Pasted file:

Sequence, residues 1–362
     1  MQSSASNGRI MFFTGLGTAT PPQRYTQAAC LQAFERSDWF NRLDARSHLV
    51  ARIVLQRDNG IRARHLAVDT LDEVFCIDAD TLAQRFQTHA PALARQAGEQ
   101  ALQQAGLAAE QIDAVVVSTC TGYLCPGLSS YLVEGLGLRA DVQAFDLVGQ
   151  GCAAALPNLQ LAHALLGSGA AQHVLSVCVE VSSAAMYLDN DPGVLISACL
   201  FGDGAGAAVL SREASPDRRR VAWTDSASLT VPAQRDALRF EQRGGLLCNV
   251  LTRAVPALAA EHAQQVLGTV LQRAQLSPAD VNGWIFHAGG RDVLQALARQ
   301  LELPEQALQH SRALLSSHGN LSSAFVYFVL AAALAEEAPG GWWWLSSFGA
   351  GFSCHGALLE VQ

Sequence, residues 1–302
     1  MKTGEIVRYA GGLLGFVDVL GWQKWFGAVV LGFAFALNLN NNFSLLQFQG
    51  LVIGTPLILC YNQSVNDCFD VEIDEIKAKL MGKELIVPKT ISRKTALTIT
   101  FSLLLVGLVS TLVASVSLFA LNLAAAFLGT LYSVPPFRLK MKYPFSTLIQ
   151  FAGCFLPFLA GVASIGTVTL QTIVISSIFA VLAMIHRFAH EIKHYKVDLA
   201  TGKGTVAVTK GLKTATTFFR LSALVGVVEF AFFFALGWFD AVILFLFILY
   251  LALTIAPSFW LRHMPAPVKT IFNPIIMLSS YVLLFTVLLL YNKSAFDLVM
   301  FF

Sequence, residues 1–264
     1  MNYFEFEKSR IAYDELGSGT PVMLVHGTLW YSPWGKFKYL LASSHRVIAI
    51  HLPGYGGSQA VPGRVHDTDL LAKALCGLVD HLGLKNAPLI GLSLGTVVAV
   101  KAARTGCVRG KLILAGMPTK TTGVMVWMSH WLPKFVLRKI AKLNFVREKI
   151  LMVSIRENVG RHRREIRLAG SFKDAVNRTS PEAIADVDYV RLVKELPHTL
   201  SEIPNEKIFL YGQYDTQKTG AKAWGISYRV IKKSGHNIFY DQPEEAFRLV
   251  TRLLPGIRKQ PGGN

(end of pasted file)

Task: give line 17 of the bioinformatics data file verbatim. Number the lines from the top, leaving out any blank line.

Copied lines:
   301  FF